Wednesday, June 18, 2014

What's in a Name: An open letter to my friends and family

Hi everyone,

I want to introduce myself to you. My name is Ashir. You can call me Ash. My preferred pronouns are gender neutral; please refer to me as “ze/ zem/ zeir/ zeirs/ zemself”.

Of course, you already know me. I’m the same person you knew yesterday, before you knew my name. I’m still your child, your nibling (niece/nephew), your cousin, your colleague, your friend. I’m still that kid you remember who loved to play dress up and climb trees, get zeir hair braided and roll around in the mud, rearrange your dollhouse and play soccer just a little too rough.

A rose by any other name, right? But names are important and language is important. What we call things shapes how we conceptualize them. You all have known me as Leah for a year, or ten, or twenty-seven. But Leah is not my name (anymore? Perhaps it never really was?). I’m not changing it just because I don’t like how it sounds. This isn’t superficial or frivolous. I’m changing it because I need to do this. I am genderqueer and non-binary transgender. The past few years have been an ongoing process of self-discovery and constantly coming-out. I’ve changed my hair, I’ve changed my wardrobe, I’ve changed my posture and my stride. I’m intentionally and deliberately transitioning into an androgynous and fluid gender presentation and I need a name that matches this crucial part of my identity.

I've known I wanted to change my name for a long time. This is a big year for me. It’s a year full of transitions. In the next few months I’ll be getting married, moving to a new city in a new state with my new wife, and starting a new graduate school program as the first step in pursuing a new career. With so many changes I’ve spent a lot of time this year in self-reflection and this isn’t as sudden as it might seem. I’m not rushing into anything; this has been a long time coming and this is the right time for it.

People keep asking me what my new name means, why I chose “Ashir”. I don’t have a good answer. I think part of the reason I waited so long to pick a new name was because for a long time I couldn't fathom what my new name might be. I kept hoping something would just come to me and I would instantly know it was right in a spiritual epiphany of certainty. Surely something as important as my name would be the easiest most obvious decision in the world, right? (Hah!) But my epiphany never came. I knew I wanted a gender-neutral Jewish-sounding names, so finally I just picked something. Ashir is androgynous in both Hebrew and English, I think it’s aesthetically pleasing, and I like that shortens to a fun and quirky nickname (Ash! Call me Ash!).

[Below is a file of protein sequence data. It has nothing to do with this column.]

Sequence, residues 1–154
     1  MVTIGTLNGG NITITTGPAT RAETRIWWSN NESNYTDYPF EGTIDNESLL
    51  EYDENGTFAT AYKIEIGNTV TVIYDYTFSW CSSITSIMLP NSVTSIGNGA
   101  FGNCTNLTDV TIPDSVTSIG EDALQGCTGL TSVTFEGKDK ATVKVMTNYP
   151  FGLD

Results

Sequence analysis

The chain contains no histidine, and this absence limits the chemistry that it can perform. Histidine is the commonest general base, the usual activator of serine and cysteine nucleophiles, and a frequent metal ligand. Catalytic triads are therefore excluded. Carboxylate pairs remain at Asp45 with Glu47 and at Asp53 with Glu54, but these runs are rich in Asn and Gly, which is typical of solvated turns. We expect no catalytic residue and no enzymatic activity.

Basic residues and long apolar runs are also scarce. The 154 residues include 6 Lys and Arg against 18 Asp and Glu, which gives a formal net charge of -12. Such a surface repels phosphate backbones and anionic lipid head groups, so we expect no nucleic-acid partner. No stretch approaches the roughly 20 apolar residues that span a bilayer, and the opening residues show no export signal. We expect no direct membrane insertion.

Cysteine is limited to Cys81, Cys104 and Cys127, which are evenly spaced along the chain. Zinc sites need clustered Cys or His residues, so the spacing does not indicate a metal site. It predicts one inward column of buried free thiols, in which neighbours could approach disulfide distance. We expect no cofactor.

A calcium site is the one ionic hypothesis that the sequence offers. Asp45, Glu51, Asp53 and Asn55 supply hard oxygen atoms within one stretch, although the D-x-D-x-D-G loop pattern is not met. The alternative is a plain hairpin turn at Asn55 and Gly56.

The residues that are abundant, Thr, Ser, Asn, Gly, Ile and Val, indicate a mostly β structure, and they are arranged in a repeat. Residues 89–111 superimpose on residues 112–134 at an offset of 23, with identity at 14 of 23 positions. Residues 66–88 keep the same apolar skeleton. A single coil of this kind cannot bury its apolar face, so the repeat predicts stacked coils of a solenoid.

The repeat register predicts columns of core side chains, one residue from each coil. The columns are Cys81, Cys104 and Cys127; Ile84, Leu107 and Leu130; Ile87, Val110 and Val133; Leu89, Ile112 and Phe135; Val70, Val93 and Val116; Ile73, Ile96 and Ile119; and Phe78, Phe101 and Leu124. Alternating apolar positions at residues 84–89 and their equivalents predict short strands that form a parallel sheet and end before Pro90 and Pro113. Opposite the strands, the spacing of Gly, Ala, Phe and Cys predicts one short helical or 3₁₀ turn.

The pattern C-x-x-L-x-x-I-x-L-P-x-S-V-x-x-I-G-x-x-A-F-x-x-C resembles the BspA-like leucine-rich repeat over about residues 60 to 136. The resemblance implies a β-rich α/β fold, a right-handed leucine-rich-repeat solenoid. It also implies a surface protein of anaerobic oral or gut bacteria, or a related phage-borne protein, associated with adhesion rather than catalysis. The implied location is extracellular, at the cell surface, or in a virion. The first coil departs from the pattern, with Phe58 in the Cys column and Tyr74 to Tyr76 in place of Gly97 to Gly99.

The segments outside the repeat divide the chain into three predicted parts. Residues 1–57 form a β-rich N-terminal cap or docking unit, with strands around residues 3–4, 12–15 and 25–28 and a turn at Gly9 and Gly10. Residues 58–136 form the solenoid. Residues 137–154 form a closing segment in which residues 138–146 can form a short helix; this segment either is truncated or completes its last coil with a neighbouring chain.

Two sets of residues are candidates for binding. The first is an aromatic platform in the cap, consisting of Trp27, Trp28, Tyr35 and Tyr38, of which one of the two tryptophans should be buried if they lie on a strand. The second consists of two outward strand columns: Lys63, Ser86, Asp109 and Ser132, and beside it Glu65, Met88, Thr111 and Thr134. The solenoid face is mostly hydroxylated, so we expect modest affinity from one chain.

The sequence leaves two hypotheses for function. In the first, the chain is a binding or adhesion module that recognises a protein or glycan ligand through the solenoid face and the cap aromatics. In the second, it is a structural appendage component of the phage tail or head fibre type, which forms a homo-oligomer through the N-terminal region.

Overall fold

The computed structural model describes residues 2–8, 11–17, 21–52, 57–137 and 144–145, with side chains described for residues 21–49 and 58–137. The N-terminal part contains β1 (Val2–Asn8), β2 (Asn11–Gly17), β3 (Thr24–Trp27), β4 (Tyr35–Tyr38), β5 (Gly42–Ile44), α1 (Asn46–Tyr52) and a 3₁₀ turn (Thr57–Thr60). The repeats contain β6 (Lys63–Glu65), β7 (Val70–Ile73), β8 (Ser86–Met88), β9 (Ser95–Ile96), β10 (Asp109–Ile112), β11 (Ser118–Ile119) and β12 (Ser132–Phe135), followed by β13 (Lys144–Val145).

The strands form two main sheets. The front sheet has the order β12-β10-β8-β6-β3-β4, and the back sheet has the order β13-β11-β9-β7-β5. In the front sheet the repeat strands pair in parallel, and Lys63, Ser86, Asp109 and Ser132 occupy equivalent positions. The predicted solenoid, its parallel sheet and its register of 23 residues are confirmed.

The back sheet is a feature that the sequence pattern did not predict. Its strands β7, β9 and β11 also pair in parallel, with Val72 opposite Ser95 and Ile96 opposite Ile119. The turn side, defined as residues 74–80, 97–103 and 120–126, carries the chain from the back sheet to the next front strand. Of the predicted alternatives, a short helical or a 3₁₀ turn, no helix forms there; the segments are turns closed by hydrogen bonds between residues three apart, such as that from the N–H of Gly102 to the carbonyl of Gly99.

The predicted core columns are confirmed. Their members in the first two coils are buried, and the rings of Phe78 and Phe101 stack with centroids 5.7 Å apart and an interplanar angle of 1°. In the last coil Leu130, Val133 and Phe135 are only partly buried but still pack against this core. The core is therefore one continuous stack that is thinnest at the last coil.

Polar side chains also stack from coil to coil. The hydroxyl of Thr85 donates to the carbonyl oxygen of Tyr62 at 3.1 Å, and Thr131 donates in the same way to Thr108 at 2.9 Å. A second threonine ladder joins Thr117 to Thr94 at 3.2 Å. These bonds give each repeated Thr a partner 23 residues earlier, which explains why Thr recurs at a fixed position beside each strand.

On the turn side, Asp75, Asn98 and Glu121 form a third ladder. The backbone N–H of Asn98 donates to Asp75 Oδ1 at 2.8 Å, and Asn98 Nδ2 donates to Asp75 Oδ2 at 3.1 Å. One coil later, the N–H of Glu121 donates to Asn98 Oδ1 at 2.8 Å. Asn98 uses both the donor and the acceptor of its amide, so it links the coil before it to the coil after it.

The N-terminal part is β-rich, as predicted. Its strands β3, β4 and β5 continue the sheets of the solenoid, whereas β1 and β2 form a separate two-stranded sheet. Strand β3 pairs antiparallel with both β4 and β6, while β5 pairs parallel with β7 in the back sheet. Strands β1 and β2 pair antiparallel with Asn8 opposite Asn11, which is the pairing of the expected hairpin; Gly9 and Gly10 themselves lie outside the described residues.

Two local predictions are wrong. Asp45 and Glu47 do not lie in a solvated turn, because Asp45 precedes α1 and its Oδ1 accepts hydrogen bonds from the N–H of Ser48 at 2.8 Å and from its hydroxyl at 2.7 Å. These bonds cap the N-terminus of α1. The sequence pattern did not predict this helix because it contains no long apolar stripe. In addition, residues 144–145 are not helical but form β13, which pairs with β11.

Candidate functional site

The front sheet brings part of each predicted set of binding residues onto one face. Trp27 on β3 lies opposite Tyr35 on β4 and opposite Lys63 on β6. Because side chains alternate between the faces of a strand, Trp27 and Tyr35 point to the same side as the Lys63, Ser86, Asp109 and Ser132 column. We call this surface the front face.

I’ve tested it, I’ve started getting used to it, and I don’t have doubts any more. This name is right, This change is real, and it is permanent (or, as permanent as anything is in this uncertain, chaotic, and changeable world). Eventually, I plan to make the change legal.

Moving forward, I ask that you address me by my chosen name and pronouns. I know it’s not easy, and that you’re more comfortable with my old name and pronouns. What I’m asking is that you step out of your comfort zone in order to support me and be a better ally. I’m asking you to respect my choice even if you don’t quite get it, even if you don’t really understand why. I know it’s hard, and I know you’ll make mistakes. Don’t worry, I won’t get angry with you, and I’ll be patient. I just ask that you try.

I know you have more questions. I’m not an expert but I’m willing to do some basic public education about gender and non-binary identities. So here’s your invitation: Ask me anything and, as long as you ask in a spirit of respect and love and with a genuine wish to understand, I promise I won’t be offended (though if it’s too personal I will politely decline to answer). In return, I ask that you understand if there’s some things I’m not ready to share, or able to explain, and don’t be offended if you disagree with my answers.


**Most of you already know that I identify as “genderqueer” and “non-binary transgender” but many of you might not know what that means. Several people have asked me for resources to read up on it. There’s not a lot out there, but here’s a couple decent websites you can check out if you want reading material on the topic:

Saturday, April 12, 2014

Leaving the Safety of the Closet

For those of you enmeshed in the queer community, you know almost everyone has their "coming out story". Most of us love to share, love to commiserate and celebrate and reminisce. Of course, we all know that coming out is a continual process, not a singular event, but it's still fun to share the stories of that first memorable time. I don't really have a true coming out story because I was never really in the closet to begin with. I was extraordinarily lucky to grow up in a supportive community in which I had the safety to openly explore my gender and sexuality throughout my adolescence.